My mantra, Nobody Knows Anything, stands out conspicuously as my wisest utterance this entire extended season of national decision. Although I have repeatedly sprinkled this caveat throughout my extensive writings on Campaign 2008, I am sure that I have not said it enough. Nobody Knows Anything--and that goes double for me.

Having said that, we are in the midst of another "Hillary is finished" frenzy, but I am not at all convinced that her opponent's recent overwhelming victory in the Palmetto State and/or the endorsement of Liberal Lion, Ted Kennedy, seals the deal for the man from Illinois.

Not that I am not in awe of Barack Obama. I am.

Although Hillary is surprisingly adept and polished as a candidate for president (she is much, much better than I thought she would be), Obama is a once-in-a-generation wonder. He is the charismatic new kid in town about whom we know almost nothing--but on whom we are anxious to project our most sanguine hopes for ourselves, our nation, and our future. He is electric. He is on fire. He is in "the zone" of maximized self-actualization.

In many ways, however, Barack Obama is playing a desperate (and undoubtedly frustrating) game of "beat the clock." He must take control of this race by next Tuesday. Surely, if this nomination process had unraveled week by week, one primary at a time, over a three-month period, the incredibly attractive and energetic Obama would have overcome the Clintons, who seem to be tired, cranky, and taking on water. But in one week, Democrats in twenty-five states and voting districts will choose a candidate. This may prove to be a contest in which organization and two decades of planning, cajoling, and social networking overcomes youthful enthusiasm and raw talent. We will soon see.

If not now for Obama, when? How long will this sensational ride atop the fickled American political culture last? No one can say. He is young. One might think, if he comes up short this time, there will be other subsequent chances for this developing phenom to ascend the greasy pole and claim his due. But political life is unpredictable. There is a saying in cattle country about "striking while the iron is hot."

Oftentimes fate turns on a dime. It seems unlikely that a more propitious moment awaits Mr. Barack Obama. Popularity is fleeting and seldom moves consistently forward and upward. Tomorrow is a mystery. Now is the time for Obama. Luck be a Lady Tonight.

The now is the frustration, however. He is so close he can taste it. He made the right decision to make his move for the oval office when he did. But Obama is not quite there--and the clock is ticking. He had a chance to stampede Hillary Clinton after Iowa--but, somehow, and no one yet has come up with a satisfying answer of just how, it did not quite come together in New Hamshire.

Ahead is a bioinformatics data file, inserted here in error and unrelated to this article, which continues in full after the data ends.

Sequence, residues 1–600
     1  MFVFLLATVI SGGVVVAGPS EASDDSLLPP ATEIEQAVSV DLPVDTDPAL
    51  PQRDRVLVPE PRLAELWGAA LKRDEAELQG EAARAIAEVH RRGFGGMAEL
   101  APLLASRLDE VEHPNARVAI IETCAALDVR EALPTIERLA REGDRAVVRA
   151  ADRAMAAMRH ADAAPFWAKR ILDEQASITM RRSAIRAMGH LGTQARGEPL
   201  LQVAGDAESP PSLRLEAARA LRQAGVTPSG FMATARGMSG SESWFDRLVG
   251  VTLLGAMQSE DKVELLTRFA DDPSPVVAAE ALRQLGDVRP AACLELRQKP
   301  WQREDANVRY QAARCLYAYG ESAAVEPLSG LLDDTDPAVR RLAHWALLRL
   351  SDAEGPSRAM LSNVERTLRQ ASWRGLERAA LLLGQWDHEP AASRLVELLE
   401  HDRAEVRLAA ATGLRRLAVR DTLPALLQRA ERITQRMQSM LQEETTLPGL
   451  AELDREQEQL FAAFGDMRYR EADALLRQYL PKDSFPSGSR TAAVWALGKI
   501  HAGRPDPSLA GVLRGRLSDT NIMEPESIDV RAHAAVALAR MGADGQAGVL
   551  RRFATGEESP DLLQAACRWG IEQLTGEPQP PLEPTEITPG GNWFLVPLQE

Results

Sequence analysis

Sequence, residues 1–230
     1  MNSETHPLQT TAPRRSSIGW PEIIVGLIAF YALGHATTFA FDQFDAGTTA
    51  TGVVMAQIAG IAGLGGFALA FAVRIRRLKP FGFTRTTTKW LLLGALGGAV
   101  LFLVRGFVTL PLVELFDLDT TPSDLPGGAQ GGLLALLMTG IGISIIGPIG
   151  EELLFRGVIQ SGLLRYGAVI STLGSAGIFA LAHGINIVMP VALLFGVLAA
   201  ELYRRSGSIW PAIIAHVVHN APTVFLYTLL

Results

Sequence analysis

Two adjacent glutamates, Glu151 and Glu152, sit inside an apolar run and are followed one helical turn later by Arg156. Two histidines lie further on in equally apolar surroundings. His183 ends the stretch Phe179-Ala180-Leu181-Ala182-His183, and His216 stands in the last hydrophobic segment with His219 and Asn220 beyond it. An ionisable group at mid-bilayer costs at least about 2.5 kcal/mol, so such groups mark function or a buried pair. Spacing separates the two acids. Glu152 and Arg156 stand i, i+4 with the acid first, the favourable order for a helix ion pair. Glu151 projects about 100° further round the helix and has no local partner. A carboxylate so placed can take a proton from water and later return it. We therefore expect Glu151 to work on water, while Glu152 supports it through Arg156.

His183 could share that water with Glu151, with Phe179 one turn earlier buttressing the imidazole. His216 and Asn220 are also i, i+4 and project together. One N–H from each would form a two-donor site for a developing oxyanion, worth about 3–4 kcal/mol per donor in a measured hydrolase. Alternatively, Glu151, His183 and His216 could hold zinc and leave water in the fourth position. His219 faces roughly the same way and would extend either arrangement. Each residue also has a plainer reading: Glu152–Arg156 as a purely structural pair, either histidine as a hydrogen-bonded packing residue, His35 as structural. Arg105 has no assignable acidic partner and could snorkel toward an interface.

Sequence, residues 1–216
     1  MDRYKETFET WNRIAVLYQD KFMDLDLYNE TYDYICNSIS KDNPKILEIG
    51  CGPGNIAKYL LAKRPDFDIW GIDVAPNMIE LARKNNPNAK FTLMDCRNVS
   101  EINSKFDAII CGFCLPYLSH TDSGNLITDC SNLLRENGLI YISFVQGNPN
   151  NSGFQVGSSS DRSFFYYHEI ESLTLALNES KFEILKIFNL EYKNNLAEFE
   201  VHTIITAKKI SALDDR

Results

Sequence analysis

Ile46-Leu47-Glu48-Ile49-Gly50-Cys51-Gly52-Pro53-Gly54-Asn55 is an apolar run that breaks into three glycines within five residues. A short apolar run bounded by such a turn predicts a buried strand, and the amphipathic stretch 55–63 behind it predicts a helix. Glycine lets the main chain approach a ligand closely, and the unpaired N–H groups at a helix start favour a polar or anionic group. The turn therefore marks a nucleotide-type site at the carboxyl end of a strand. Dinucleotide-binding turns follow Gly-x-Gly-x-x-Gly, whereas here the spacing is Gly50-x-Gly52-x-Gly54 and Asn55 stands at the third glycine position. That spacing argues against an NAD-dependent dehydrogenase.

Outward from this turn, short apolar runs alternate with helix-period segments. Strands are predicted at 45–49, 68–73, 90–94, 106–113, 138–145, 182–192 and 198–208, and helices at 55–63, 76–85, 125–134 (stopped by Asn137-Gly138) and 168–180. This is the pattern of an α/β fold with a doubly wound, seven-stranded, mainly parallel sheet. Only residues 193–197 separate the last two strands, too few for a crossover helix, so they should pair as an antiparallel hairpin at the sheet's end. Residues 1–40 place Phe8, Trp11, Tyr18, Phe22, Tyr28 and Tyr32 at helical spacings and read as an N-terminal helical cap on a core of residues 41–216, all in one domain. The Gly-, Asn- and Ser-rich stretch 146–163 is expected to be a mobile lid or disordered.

He was supposed to win Nevada--but, somehow, he came up a bit short there as well. He got the unions (a huge coup)--but he still could not quite deliver on game day. He won huge in South Carolina--but there is a lingering worry that he might have gotten "rope-a-doped" in that round. Even as the mainstream media trumpets his successes, cynical pundits warn that he has fallen into a trap of racial politics set by his wily opponents.

And the speed of the game is increasing exponentially. He is moving fast. To shore up the Latino vote in the West (and avoid Nevada writ large), he is promoting his record of favoring drivers licenses for illegal aliens. All the polls say this is long-term poison--but the long term does not matter if one dies a political death in the now. You cannot save your ace for Game Seven, if you are the verge of elimination in Game Six. Obama is pulling out all the stops. Super Tuesday, February 5, is huge; is it bigger than his grassroots movement? No one knows. He has the money. He now has the endorsements. He is better positioned than any other previous insurgent candidate. But does he have the poise, experience, and supporting cast to pull this rabbit out of the hat when the game is on the line?

We will know soon.

A thought (on the relevance of the Kennedy imprimatur):

I will be very surprised if any Latinos on the West Coast give one solitary damn about Ted Kennedy--but who knows?

One Final Thought on the endorsements:
I am convinced that they mean very little in terms of votes (no reasonable person would change his mind because Ted Kennedy told him to), but they are an important barometer of the race. More and more heavyweight Democrats (no insult intended) see Team Clinton as vulnerable; they are taking the opportunity to kick the Clintons in the teeth and curry favor with the likely winner. This trend must be part of the calculus. Most of these folks are canny political operators.